Friday, May 3, 2013



I HAVE no doubt that Chloe Hooper is a very good writer. Her account of the Palm Island ‘murder’ from a few years ago in which Cameron Doomadgee died in a police cell was chilling and absolutely captivating. Her new, second novel of fiction, is called ‘The Engagement.’ Again one couldn’t deny that there is an intelligent writer at work here, capable of some impressively taut and thrilling writing. However, ‘The Engagement’ left me cold and I found it a bit of a chore to get to the end.

Liese Campbell, a 35 year old architect, is the unreliable narrator who has fled London and now works in her uncle’s Melbourne real estate business. Enter Alexander Colquhoun, a wealthy client who becomes more than just a little obsessed with Liese. After having sex in a number of potential rental apartments, Colquhoun pays her an enormous amount of money and takes her to his enormous grazier’s property named Warrowill,  in rural Victoria. Both people- and there is barely anyone else in the novel- continually play intimate mind games which ultimately leave me cold and disinterested. Eventually the games become too tense and serious for Liese, to the point where she feels a strong compulsion to run away, and even fears for her life. Earlier she enjoyed this game of pretending to be a prostitute, until the game became out of her control and Alexander became more of a disturbing prospect than she anticipated. I suppose both Alexander and Liese are unusual and interesting in a way. However, for me the book dragged on, each time making me think something of note or import was going to happen, only to feel let down.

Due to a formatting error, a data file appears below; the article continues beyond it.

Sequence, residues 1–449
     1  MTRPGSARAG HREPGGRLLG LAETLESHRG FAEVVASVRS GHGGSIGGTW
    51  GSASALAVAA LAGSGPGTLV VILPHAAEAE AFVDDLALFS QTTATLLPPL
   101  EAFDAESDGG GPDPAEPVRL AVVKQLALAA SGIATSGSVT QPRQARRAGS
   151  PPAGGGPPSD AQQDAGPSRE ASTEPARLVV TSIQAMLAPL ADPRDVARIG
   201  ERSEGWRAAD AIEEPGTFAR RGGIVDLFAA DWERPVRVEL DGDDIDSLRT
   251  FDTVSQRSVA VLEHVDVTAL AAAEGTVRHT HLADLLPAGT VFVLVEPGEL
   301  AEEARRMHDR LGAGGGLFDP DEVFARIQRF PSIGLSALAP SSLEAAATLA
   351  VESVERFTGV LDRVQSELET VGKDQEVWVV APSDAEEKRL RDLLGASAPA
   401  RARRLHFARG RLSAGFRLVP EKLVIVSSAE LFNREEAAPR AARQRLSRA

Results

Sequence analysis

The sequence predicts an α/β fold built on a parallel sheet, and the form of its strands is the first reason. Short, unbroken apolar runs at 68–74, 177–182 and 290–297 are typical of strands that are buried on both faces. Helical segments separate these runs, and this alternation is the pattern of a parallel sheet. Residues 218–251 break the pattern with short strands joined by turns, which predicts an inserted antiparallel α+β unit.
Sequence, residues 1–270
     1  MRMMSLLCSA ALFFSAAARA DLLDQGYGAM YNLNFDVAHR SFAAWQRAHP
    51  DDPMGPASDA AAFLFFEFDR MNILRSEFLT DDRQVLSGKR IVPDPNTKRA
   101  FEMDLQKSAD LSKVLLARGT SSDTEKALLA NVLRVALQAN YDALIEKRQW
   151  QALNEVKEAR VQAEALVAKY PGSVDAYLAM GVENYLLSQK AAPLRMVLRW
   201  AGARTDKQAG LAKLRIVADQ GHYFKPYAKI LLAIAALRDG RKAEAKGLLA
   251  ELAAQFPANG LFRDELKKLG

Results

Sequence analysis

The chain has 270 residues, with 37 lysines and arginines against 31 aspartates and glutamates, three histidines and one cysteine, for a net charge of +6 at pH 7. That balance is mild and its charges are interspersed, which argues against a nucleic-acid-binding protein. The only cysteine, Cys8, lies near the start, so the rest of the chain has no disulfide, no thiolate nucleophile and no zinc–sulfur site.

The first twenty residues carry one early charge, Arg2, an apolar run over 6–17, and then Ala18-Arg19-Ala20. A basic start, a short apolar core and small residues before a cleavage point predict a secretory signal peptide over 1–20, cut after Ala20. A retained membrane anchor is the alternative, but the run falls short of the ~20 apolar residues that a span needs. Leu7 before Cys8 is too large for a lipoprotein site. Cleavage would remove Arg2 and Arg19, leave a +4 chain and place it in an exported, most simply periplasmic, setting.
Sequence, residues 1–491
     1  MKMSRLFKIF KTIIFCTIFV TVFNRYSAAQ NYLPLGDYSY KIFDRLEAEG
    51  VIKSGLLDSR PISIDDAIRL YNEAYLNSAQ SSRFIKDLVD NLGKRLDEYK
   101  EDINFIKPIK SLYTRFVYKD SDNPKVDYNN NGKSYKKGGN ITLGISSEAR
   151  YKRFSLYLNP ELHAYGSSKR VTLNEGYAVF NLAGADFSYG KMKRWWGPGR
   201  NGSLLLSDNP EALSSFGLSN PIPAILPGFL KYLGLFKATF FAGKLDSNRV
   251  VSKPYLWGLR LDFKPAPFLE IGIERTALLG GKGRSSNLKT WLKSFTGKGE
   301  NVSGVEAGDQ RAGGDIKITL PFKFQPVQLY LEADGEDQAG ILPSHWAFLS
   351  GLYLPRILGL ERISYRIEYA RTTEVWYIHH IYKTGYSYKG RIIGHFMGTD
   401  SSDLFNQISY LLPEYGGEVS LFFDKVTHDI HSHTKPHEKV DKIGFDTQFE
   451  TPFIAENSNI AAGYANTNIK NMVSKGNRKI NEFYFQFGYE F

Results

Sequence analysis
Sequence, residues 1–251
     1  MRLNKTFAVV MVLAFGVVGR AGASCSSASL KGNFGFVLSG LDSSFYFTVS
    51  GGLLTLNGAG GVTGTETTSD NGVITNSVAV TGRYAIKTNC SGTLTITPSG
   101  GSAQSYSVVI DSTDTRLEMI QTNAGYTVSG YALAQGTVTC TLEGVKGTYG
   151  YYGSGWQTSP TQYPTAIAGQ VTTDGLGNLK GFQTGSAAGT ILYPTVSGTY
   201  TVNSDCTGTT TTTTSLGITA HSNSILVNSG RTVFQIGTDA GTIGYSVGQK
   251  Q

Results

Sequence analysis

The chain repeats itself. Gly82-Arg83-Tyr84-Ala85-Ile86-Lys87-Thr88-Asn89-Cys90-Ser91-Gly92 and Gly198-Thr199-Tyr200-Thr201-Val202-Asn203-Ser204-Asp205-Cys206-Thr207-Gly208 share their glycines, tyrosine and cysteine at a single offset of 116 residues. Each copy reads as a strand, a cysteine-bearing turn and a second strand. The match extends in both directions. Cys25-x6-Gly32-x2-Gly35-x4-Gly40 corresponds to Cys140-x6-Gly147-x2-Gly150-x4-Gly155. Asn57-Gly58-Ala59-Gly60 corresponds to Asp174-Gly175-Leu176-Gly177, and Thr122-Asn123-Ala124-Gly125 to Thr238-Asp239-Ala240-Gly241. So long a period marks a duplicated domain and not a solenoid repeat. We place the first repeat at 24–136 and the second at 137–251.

Neither character is warm or attractive in any way. They are both selfish, scheming types and I didn’t at any stage care what happened to either of them. Alexander is by far the most repulsive, not helped by the fact that there is a carcass of a swan he has butchered in the kitchen, and a series of infantile and disturbing letters about Liese he has invented.

The melodrama is contained in the idea that Liese feels more and more desperate to escape, as a claustrophobic metaphorical net is placed over here. Alexander never really seems to lock any doors. Hooper is at her skilful best in that at times it seems that imprisonment is partly of Liese’s own making.  Ultimately, however, the whole ambiguous game is something that I never really at any stage felt I was wanting to buy into.

“It lay on the ground, a black spineless thing with arms and legs outstretched. It seemed to have no eyes. It seemed to have no mouth. It swam in shiny black oil, twitching and wriggling inside a translucent sheath.”

At her best Chloe Hooper is powerful, and one day perhaps, consistently powerful, like an M J Hyland who really knows how to write thrilling prose.
  Chloe Hooper

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